The detailed news from New Zealand is very honourable to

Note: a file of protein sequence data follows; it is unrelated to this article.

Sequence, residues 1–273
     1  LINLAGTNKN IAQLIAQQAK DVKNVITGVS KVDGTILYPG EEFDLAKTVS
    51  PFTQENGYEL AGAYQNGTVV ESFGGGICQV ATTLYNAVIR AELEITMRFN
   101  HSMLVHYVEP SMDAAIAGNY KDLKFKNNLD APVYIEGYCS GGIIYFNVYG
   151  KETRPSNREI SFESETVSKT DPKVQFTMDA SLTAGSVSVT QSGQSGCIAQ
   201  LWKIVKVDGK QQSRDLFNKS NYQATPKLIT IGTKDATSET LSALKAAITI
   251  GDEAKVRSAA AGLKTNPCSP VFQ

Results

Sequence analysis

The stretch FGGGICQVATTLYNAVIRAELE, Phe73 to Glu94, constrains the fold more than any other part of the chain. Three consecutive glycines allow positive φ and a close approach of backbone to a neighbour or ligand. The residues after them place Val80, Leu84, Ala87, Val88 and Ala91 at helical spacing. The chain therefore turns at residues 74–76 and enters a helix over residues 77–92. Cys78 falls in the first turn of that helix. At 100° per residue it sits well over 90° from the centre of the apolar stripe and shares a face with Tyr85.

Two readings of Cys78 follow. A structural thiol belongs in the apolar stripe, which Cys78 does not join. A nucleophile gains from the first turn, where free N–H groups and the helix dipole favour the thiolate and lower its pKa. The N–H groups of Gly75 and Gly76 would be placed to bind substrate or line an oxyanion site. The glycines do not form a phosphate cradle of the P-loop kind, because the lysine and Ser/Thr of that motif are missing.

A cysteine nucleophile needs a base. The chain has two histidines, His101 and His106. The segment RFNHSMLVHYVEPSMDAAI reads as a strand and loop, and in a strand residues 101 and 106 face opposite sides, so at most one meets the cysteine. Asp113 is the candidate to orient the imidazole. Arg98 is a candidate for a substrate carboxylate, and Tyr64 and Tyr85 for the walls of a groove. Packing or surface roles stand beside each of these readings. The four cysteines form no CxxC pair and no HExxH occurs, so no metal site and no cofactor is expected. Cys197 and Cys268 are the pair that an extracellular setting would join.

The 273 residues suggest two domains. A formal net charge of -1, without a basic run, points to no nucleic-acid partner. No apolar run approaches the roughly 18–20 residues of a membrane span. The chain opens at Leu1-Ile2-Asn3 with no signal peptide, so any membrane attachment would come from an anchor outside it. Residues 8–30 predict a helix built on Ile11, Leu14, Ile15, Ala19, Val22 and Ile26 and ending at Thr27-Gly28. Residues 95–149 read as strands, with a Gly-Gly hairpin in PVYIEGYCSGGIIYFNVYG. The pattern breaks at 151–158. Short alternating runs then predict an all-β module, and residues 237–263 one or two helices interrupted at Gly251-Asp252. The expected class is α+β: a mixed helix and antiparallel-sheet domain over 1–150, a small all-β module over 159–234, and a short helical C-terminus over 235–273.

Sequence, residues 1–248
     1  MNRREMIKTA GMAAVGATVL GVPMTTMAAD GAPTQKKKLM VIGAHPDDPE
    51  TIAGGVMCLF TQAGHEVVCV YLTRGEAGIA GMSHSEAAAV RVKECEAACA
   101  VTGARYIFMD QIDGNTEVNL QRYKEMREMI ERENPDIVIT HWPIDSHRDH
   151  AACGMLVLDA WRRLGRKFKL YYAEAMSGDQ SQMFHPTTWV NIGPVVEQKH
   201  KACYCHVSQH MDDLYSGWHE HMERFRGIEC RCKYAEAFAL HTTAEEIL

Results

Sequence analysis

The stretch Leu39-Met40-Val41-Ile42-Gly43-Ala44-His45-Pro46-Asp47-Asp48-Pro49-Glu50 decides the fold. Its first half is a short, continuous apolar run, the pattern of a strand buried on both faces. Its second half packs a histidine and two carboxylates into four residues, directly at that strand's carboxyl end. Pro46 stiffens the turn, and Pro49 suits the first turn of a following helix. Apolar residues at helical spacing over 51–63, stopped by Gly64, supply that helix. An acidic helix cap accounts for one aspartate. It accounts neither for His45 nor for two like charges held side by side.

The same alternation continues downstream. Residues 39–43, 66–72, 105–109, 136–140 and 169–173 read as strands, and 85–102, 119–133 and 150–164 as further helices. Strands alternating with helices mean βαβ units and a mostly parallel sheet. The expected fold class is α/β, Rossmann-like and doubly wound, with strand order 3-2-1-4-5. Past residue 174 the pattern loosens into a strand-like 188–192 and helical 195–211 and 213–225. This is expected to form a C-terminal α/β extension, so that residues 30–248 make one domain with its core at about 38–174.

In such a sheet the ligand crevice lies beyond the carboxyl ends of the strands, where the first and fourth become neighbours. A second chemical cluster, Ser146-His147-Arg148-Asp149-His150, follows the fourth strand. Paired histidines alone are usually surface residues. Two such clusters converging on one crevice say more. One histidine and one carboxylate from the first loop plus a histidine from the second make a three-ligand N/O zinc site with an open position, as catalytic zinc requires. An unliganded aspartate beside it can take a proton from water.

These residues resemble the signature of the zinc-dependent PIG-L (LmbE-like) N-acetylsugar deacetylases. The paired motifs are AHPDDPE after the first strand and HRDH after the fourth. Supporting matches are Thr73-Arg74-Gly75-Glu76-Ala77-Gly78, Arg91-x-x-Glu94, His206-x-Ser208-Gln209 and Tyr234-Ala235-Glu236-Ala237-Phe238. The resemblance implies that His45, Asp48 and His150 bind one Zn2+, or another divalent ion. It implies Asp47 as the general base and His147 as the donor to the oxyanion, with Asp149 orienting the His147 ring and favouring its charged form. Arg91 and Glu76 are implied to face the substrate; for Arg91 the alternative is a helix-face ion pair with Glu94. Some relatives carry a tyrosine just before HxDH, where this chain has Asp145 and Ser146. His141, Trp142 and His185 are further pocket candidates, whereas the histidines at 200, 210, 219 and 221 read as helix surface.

the colonists. Not only were they succeeding in every engage- ment, not only had they carried a second pah, Kairomiromi, garrisoned by 200 Maories, which General Cameron would not have approached till he had sent for fresh soldiers from England, and got them,—but the Weld Government were behaving most generously to the Maories. They had issued an amnesty pardon- ing all except those engaged in eight specified murders,—murders of the worst dye. The Separation resolutions brought on by the discontented Auckland men in league with a few of the Otago representatives were negatived in the Assembly by 31 to 17. But we fear the subject will become one for chronic irritation. Auckland is irritated at ceasing to be the capital, and thinks that if the Northern island were separated Auckland might be the capital again while some in the Southern island wish to enjoy its large re- sources without the set-off of the Northern burdens. Mr. Cardwell ought to interfere peremptorily to extinguish this discussion. The financial question simply becomes insoluble if the Southern island, with all her great resources of gold revenue and land revenue (un- diminished by fear of Maories), goes off even with any reasonably estimated proportion of the debt on her shoulders, and leaves her poor sister in the lurch.